David Bussau AM (born November 10, 1940) is a pioneer of microfinance, having founded Opportunity International Australia and co-founded the Opportunity International Network. He has been hailed for his innovative approach to solving world poverty by challenging the conventional wealth distribution model of development, addressing the root causes of poverty through responsible wealth creation. According to the World Bank, micro-enterprise has proven to be one of the most effective and sustainable ways to solve poverty.
• Rev. Thomas Hopkins Gallaudet, LL.D., (December 10, 1787 – September 10, 1851) was a renowned American pioneer in the education of the deaf. He co-founded and raised funds for the first institution for the education of the deaf in North America. For many years he was principal of that institution. His son Edward Miner Gallaudet (1837–1917) founded in 1864 the first college for the deaf which in 1986 became Gallaudet University.
• Charles Loring Brace (June 19, 1826 in Litchfield, Connecticut - August 11, 1890) was a contributing philanthropist in the field of social reform. He is considered a father of the modern foster care movement and was most renowned for starting the Orphan Train movement of the mid-19th century, and for founding The Children's Aid Society.
• Despite being crippled himself, John Pounds (1766-1839) was the man most responsible for the creation of the concept of “Ragged Schools” (charitable schools dedicated to the free education of destitute children). Working in the poorest districts, teachers initially utilised stables, lofts, and railway arches for their classes. The success of the Ragged Schools definitively demonstrated that there was a demand for education among the poor.
• Robert Raikes ("the Younger") (14 September 1736 – 5 April 1811) was an English philanthropist and Anglican layman, noted for his promotion of Sunday schools. Pre-dating state schooling and by 1831 schooling 1,250,000 children, they are seen as the first schools of the English state school system.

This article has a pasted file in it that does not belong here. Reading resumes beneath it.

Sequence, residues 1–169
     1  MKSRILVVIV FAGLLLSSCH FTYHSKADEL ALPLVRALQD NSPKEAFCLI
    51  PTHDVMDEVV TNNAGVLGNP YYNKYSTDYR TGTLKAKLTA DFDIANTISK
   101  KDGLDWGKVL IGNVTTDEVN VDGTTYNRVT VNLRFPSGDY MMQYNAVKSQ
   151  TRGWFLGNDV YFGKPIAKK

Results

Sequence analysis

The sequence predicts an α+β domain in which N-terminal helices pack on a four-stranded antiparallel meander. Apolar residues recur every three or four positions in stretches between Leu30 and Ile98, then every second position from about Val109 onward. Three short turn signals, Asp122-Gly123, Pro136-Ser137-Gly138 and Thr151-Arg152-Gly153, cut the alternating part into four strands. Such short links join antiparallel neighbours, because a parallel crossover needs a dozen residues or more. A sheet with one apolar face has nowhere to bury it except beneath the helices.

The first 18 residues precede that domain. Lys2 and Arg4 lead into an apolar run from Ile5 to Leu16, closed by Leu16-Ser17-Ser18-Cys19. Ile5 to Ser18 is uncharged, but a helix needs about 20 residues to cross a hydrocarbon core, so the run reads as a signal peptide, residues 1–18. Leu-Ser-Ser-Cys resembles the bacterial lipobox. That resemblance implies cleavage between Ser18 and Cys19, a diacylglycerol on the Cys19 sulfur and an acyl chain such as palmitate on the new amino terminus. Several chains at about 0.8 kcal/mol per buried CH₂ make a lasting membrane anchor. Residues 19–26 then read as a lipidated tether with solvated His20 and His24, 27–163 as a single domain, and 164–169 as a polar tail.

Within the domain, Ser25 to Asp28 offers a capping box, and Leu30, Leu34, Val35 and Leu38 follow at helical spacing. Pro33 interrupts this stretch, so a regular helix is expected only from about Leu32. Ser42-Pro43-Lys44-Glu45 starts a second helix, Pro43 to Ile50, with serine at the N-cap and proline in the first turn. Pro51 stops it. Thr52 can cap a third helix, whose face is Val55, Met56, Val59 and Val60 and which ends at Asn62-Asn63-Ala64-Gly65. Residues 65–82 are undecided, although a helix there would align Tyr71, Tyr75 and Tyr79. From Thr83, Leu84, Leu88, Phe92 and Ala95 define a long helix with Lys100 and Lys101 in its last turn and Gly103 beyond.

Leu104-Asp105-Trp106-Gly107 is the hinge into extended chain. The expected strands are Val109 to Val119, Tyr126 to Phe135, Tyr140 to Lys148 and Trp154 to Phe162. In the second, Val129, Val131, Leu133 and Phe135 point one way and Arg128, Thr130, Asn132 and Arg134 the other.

The movement started with a school for boys in the slums.
• Friedrich Wilhelm August Fröbel (or Froebel) (April 21, 1782 – June 21, 1852) laid the foundation for modern educationbased on the recognition that children have unique needs and capabilities. He developed the concept of the “kindergarten”, and also coined the word now used in German and English.
• Supporting mothers and families worldwide - The Mothers' Union (founded 1876)
Mothers’ Union is an international Christian charity that seeks to support families worldwide. It main aim is to support marriage and family life, especially through times of adversity.
Particularly concerned with the plight of women in the world, its projects include literacy and development, parenting, micro finance and campaigning against violence against women and the trafficking of women. The Mothers' Union is part of Make Poverty History and the Jubilee Debt Coalition.
• Pioneering education for women. Mary Lyon 1797-1849.
She valued socioeconomic diversity and endeavored to make the seminary affordable for students of modest means.
• Thomas Cogan. Humane Society. A humane society is a group that aims to stop human or animal suffering due to cruelty or other reasons, although in many countries, it is now used mostly for societies for the prevention of cruelty to animals (SPCAs). In the United Kingdom, it may also be a society that provides a waterways rescue, prevention, and recovery service, or that gives awards for the saving of human life (see: Royal Humane Society).
• Royal Society for the prevention of cruelty to Animals founded by Christians (William Wilberforce). It is the oldest and largest animal welfare organisation in the world and is one of the largest charities in the UK. http://en.wikipedia.org/wiki/Royal_Society_for_the_Prevention_of_Cruelty_to_Animals
• One of the largest international literacy organisations in the world, SIL International, brings literacy to thousands of the world's poorest language communities. http://en.wikipedia.org/wiki/SIL_International • Frank Laubach. Committed Christian and pioneer of world literacy. Known as the “Apostle to the Illiterates” the programs he developed have been used to teach about 60 million people to read their own language. He was deeply concerned about poverty, injustice and illiteracy, and considered them barriers to peace in the world. http://en.wikipedia.org/wiki/Frank_Laubach